Could You Cope With The Current Storm If It Lasted Three Months?
The storm from space courtesy NASA
by Chris Carrington
Originally published at The Daily Sheeple
The news is full of articles about the current winter storm that is gripping much of the country. Deep snow and unprecedented cold, with low-temperature records being broken almost daily. It’s set to last a few more days with another blast of cold blowing in before the weather warms slightly.
Could you cope with this level of cold for a month? Or for three months without respite?
Could you survive a storm or bitterly cold conditions that lasted for months at a time?
We all think we would cope, albeit with a little difficulty. As preppers we have stocked up, stored food and water and have a plentiful fuel supply. But how plentiful is plentiful enough ?
Winter storms often result in power outages that can last until the worst of the storm is over, and the supply can be fixed. There is a possibility that if the bad weather lasted for a couple of months or even longer, that the supply would not be reconnected during that time.
Still think you have enough alternative fuel?
As an example, if you burned just one log an hour, for six months a year, and NOTHING for the rest of the year you will need 4,368 logs to get through the winter.
That’s a lot of wood, and that is the amount you need if you burn ONE log an hour to take the frigid chill off the room. Heating water for drinks, cooking or having a room warm enough for the old, infirm or babies will require much, much more.
I’ve used wood as an example, but regardless of which alternative heat source you chose you are going to need a great deal of it, probably much more than you anticipated.
You can store as much food and water as you like, but it won’t stop you freezing to death.
Dependent on the conditions it’s stored in wood can take up to three years to dry out completely, and we all know that the drier the wood a higher heat output is achieved, something that can make the difference between life and death when the temperature outside is 30 below.
Many of you will be used to dealing with open fires and even off grid living, but those new to prepping, or those who are just starting out with open fires and/or wood burners will have no idea of how much fuel it takes to heat a room or boil enough water for the whole family to have a hot drink.
If you are new to alternative fuel usage I urge you to note how much fuel you use and stockpile accordingly, then triple the amount you have worked out you will need. If you have no idea because you are lucky enough to keep your power supply this winter I strongly suggest you have a practice run. Turn off the heating and use your chosen alternative method for 24 hours.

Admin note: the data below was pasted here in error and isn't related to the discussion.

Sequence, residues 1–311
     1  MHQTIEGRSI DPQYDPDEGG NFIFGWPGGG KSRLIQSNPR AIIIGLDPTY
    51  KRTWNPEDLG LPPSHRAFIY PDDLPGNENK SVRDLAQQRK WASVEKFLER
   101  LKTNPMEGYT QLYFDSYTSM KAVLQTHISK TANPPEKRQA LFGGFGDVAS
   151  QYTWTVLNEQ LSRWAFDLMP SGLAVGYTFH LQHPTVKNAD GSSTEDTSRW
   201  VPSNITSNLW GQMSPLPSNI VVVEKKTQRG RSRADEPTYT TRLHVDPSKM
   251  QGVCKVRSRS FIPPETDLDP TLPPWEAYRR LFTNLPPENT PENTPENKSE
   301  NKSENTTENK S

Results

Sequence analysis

Underestimating how much fuel it takes to keep warm will kill thousands in a prolonged winter power outage. Many will die of cold and some will succumb to carbon monoxide poisoning.
Every winter we read stories about the unprepared dying from carbon monoxide poisoning. So desperate for heat they have used BBQ’s indoors, or shut off all ventilation routes in an attempt to maximize the heat from the fuel they have. Deaths from carbon monoxide poisoning will continue to rise as the winter wears on, and in the protracted, bitterly cold winters that many climate scientists are convinced are on the way the numbers will continue to increase.
Just as you check and increase your food supplies then you should check and increase your fuel supplies. Underestimation could quite literally be the death of you, and the rest of your family.
Note from Daisy: This article rings so incredibly true. When my daughter and I lived in an off-grid cabin in the North Woods of Canada for a year, the amount of work required to keep warm was absolutely mind-boggling. My most-appreciated convenience in my new location is not, as one might think, reliable electricity, but a thermostat that keeps me warm with the turn of a dial. Nothing will prepare you for the onset of deep winter except living it. Even if you only do it for a 24 hour period, once per week, turn off your breakers and learn what you need to survive the freezing temperatures without modern conveniences. Overconfidence will kill you faster than anything else. Practice makes for perfect prepping!
About the Author
Please feel free to share any information from this site in part or in full, leaving all links intact, giving credit to the author and including a link to this website and the following bio. Daisy is a coffee-swigging, gun-toting, homeschooling blogger who writes about current events, preparedness, frugality, and the pursuit of liberty on her website, The Organic Prepper. Daisy is the publisher of The Cheapskate's Guide to the Galaxy, a monthly frugality newsletter, and she curates all the most important news links on her aggregate site, PreppersDailyNews.com. She is the best-selling author of 4 books and lives in the mountains of Virginia with her two daughters and an ever-growing menagerie. You can find Daisy on Facebook, Pinterest, and Twitter.